Apple’s “Fusion Drive” is also a hybrid drive, offering 1 TB or 3 TB of mechanical drive space alongside 128 GB of solid-state flash storage.

Why Would You Want a Hybrid?

Hybrid drives can be cheaper than solid-state drives because they contain a smaller amount of solid-state memory. A 2 TB hybrid drive with 8 GB of solid-state cache memory will be more expensive than a simple 2 TB mechanical drive, but likely less expensive than a 256 GB solid-state drive with even less total space. Computer manufacturers include these drives in their computers to offer solid-state speeds at a lower price with more storage.

A hybrid drive is also a single physical drive, which can be a big advantage. If you have a laptop with a single drive bay and you want both solid-state speeds and mechanical drive storage capacity, a hybrid drive is the one thing you can put into that drive bay to get both.

It’s all about price and storage capacity. If magnetic, spinning-platter drives and solid-state drives currently cost the same amount per GB, there’d by no need for hybrid drives at all. A solid-state drive would be superior in every way. Hybrid drives are only useful because solid-state drives are still more expensive per GB.

If you want both solid-state speeds and a large amount of storage space, having a hybrid drive may be simpler because the drive moves files around for you. You don’t have to think about which files should be where or deal with two separate drives in your operating system.

Is a Hybrid Faster?

A hybrid hard drive will be significantly faster than a mechanical drive. That caching algorithm will store operating system and program files in the solid-state memory, offering solid-state speeds when accessing cached files.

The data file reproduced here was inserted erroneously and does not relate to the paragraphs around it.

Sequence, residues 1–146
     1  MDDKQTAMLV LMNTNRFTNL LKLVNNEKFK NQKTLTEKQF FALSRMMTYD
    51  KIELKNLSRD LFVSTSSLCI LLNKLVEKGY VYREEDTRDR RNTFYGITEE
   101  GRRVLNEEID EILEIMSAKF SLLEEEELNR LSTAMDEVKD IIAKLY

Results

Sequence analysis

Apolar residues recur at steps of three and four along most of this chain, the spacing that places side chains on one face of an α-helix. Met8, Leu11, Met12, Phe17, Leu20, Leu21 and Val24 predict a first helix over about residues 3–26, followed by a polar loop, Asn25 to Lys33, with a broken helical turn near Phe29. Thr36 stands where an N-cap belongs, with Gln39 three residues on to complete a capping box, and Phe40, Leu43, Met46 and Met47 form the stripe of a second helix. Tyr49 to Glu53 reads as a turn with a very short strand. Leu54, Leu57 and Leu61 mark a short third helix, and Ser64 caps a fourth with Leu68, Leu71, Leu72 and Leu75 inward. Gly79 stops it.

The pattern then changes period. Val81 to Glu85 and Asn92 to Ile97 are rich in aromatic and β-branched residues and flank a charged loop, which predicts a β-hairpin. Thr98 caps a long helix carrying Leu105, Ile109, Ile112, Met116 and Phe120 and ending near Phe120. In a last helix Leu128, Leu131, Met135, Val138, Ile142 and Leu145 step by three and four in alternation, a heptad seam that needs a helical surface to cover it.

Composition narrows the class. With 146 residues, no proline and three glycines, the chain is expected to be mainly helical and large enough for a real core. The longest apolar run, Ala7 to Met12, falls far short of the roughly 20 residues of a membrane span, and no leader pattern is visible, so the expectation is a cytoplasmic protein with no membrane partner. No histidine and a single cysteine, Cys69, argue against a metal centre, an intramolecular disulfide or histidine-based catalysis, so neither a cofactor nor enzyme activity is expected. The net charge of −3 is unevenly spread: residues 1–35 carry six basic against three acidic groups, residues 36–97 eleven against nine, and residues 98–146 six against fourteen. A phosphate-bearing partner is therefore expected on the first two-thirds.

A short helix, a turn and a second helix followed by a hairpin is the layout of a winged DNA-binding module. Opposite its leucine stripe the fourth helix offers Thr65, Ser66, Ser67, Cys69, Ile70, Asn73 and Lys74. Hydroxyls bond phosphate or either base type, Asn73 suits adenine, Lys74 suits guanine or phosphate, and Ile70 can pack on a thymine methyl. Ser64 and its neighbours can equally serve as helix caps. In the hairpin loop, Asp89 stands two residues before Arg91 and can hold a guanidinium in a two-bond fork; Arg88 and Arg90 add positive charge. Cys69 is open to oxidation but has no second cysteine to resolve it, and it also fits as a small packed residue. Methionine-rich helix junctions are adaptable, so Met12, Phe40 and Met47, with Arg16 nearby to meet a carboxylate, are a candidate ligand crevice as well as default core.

Hybrid drives start on the slow side. When you start using a hybrid drive, no caching will have occurred — so the drive will be just as slow as a traditional mechanical drive. As you use the drive and it learns which files should be cached, speed will gradually improve.

A single solid-state drive — or a solid-state drive plus a mechanical hard drive in a desktop PC, if you have room for both — will outperform a hybrid drive. Everything on a solid-state drive will be as fast as the small cache portion of a hybrid drive. By installing your operating system and programs to a solid-state drive, you can ensure those files benefit from the fastest access times possible. Managing this on your own will likely offer better performance.

As solid-state drive prices continue to decline, we expect to see less hybrid drives — especially as most people don’t really need 2 TB of space on their laptops and desktop PCs. A smaller solid-state drive with a few hundred gigabytes would be just fine — and faster, too.

Image Credit: Sinchen.Lin on Flickr, Yutaka Tsutano on Flickr, Simon Wullhorst on Flickr

Profile Photo for Chris Hoffman Chris Hoffman
Chris Hoffman is Editor-in-Chief of How-To Geek. He's written about technology for over a decade and was a PCWorld columnist for two years. Chris has written for The New York Times and Reader's Digest, been interviewed as a technology expert on TV stations like Miami's NBC 6, and had his work covered by news outlets like the BBC. Since 2011, Chris has written over 2,000 articles that have been read more than one billion times---and that's just here at How-To Geek.